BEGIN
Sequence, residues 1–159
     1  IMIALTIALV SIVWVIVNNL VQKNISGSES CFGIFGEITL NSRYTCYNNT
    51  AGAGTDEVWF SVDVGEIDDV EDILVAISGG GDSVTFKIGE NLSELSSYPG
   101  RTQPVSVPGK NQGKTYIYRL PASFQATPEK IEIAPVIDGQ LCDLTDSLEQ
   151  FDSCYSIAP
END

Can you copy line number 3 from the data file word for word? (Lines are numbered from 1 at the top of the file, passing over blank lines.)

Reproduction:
    51  AGAGTDEVWF SVDVGEIDDV EDILVAISGG GDSVTFKIGE NLSELSSYPG